The sharing economy wasn’t always so good to Craig Baute.
Now the 32-year-old Denverite brings in more than $200,000 per year running a coworking chain with two local locations and renting out two apartments on Airbnb.
He also rents out his 2009 Ford Fusion, adding another $550 per month.
But seven years ago, he was working at Chili’s and sleeping on the floor of his first Creative Density coworking location in Uptown. After finishing his 2 a.m. shifts at Chili’s, he’d roll out his sleeping bag in the conference room or under a desk.
Luckily, he caught the “sharing economy” wave just right.
To keep his new business afloat, Baute found an Uptown studio apartment to rent out on Airbnb on the weekends he was working at Chili’s. And he found office tenants to move into the Creative Density offices.
“Airbnb really allowed Creative Density to survive, because I could then get an apartment and rent out those offices,” Baute said. “If it wasn’t for Airbnb and I couldn’t get those offices rented, I couldn’t have moved out and Creative Density would have shut down after 15 months.”
If Baute felt a little homeless early on, it didn’t phase him then – and certainly doesn’t now.
“Strangers were sleeping in my bed and I was sleeping in a conference room,” he said. “You get comfortable with it, and then start seeing opportunities in everything.”
Fast forward seven years, and the Denver resident has turned into a professional share-er.
He’s helped open more than two dozen coworking spaces around the world.
He pays an $80 yearly subscription for the Denver Tool Library, where he rents tools to fix up properties without having to buy or store his own drills or chainsaws.
This year he started renting out his car at the airport using Hassle-Free Car and opting to transport himself from his Union Station apartment via B-Cycle, Uber or Car2Go.
He even met his wife, Taylor Craver, through coworking.
The couple met when Craver became a tenant at Creative Density and got married in September.
“He would Airbnb his apartment out and come stay at my place on weekends,” she said. Eventually, the couple started sharing the Airbnb earnings from those weekends.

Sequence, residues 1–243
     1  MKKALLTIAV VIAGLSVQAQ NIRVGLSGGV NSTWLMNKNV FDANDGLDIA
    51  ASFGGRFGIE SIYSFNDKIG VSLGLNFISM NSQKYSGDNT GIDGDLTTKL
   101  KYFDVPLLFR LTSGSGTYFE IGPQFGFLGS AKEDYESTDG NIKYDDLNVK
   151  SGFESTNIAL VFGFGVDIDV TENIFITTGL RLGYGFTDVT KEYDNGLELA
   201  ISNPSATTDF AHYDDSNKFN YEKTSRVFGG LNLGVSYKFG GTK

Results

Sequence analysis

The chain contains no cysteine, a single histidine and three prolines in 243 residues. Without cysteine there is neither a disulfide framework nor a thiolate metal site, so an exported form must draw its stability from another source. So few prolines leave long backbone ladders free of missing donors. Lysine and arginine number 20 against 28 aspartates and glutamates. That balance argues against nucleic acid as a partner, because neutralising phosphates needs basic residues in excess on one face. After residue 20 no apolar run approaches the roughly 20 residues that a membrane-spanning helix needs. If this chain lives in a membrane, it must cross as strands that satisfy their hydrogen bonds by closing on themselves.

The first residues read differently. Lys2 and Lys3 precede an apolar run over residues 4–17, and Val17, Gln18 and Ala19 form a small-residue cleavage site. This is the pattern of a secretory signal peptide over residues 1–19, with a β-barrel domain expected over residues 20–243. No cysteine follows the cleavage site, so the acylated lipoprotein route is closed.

“It’s just a part of who he is,” Craver said. “When I married him, I knew what I was getting into.”
Baute may have picked up the sharing gene from his father. He grew up in the small town of St. Joseph, Michigan. Baute’s father rallied the town to take care of its own snow shoveling when the residents cut it from the budget, and he remembers staying in hostels instead of hotels during family vacations in Santa Monica.
Baute earned his undergrad and graduate degrees from Grand Valley State University and worked in market research. His first experience with coworking was as a tenant of a Michigan furniture company running a coworking space as a beta test for its furniture. After that, he moved to Toronto for a six-month stint helping open a coworking space in a converted bowling alley.
The sharing profession has its setbacks. Baute has had incidents with Airbnb where renters left units damaged and smelling like smoke. He totaled his wife’s car after renting his own out, costing much more than the $550 per month he makes renting out his.
And then there’s the need to be available around the clock.
“You have to be flexible. It does take time,” he said. “Anybody could call you at any point with a car broken or a broken faucet … there’s always that stress.”
But despite any foibles, Baute is dreaming up his next sharing economy business.
He wants to open a co-living space – dorms for adults, comprising studio apartments with shared kitchens and common areas – in the next two years in New England or the Midwest.
“This version of co-living lowers that barrier of wanting to live with people,” he said. “I would go where the developer would want to go … It doesn’t need to be Denver.”